75 years ago, on August 6, 1945, the United States dropped an atomic bomb on the city of Hiroshima, Japan, instantly killing around 78,000 people. Three days later, the Truman administration released another on Nagasaki, ushering in a nuclear age which soon became defined by the Cold War and the concept of nuclear deterrence. While ‘classical’ nuclear deterrence theory continues to guide our understanding of contemporary security and defence today, how relevant is it to a 21st century context?
Drawing on a recent paper published by Chatham House’s International Security Programme, the panellists examine contested themes in contemporary policymaking on deterrence.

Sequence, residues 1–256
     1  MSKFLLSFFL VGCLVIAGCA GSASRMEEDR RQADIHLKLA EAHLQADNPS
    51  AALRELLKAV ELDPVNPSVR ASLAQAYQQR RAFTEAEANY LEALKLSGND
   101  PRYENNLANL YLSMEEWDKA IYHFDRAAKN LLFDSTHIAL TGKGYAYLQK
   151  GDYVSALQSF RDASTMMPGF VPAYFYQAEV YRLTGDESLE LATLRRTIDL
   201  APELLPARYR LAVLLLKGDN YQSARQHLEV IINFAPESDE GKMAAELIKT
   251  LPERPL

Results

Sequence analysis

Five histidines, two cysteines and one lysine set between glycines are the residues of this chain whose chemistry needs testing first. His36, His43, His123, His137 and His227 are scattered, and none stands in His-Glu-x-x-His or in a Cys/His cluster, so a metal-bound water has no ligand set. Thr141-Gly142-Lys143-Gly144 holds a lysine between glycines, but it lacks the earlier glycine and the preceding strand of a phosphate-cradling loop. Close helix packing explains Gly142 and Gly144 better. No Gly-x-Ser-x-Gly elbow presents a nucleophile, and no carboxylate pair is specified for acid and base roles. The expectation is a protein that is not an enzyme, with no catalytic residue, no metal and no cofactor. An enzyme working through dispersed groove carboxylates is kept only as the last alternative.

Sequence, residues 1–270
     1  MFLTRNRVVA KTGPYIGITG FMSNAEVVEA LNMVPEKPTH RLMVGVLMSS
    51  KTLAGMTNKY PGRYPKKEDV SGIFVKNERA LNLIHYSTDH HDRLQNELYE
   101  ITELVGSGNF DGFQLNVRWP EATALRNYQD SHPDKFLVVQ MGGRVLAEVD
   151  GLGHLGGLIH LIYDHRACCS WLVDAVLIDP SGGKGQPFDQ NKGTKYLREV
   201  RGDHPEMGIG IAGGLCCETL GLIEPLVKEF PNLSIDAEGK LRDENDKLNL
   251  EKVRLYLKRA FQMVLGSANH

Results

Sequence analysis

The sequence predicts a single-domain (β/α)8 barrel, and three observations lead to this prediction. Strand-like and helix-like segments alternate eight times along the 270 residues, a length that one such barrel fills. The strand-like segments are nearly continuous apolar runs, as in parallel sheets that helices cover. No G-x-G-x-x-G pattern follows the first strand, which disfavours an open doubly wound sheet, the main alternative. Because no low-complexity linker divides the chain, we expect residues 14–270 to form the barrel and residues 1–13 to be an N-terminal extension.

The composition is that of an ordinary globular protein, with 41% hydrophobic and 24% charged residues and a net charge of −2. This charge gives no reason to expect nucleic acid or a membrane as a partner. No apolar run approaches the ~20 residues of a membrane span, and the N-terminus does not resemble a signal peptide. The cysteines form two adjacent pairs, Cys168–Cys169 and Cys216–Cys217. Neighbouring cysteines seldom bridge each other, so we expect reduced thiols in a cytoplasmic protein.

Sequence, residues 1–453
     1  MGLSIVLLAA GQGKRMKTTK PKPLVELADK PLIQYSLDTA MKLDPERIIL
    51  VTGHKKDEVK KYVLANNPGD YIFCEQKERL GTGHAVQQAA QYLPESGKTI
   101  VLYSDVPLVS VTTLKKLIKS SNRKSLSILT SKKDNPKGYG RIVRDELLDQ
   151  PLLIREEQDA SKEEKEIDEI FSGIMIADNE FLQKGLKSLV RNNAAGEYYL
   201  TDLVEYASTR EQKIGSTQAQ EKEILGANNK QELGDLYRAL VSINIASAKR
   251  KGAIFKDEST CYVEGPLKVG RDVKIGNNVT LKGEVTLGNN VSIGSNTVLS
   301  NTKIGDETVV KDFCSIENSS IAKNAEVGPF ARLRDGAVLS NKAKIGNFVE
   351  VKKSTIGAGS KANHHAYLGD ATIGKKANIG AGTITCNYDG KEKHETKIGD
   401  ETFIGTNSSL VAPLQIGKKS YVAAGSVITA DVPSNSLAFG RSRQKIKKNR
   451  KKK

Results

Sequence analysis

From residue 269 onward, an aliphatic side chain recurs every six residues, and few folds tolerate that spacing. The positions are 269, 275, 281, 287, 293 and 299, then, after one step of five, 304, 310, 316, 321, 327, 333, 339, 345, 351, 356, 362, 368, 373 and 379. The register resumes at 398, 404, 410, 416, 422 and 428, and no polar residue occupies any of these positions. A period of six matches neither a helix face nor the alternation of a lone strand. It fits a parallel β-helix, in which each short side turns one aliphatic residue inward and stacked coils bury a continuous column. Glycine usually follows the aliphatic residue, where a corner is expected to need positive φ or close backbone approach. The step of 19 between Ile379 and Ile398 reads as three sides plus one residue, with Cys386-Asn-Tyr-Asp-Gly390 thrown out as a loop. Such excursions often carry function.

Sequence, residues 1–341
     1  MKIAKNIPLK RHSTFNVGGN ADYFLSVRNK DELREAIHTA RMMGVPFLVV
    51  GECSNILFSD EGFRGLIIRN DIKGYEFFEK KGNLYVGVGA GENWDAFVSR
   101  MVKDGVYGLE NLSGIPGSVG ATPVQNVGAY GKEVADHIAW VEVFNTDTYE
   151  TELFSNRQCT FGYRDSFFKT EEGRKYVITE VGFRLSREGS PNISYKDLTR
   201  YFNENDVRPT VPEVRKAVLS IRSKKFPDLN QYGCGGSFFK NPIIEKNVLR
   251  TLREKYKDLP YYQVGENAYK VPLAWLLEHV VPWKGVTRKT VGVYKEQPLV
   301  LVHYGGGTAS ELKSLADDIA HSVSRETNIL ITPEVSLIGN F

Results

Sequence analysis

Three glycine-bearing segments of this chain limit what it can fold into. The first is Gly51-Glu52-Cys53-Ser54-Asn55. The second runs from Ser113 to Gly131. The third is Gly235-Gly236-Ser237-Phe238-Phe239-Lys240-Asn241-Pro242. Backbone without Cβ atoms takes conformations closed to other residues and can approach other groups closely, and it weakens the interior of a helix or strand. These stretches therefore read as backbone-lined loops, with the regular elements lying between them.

What are the underlying assumptions that shape deterrence practice, and do they hold true in 2020?
Can nuclear deterrence be strengthened in responding to current international and regional security challenges?
How do emerging technologies challenge deterrence?
And as some experts argue that the lines between conventional and nuclear deterrence are becoming increasingly blurred, could the threatened use of nuclear weapons become a ‘new normal’?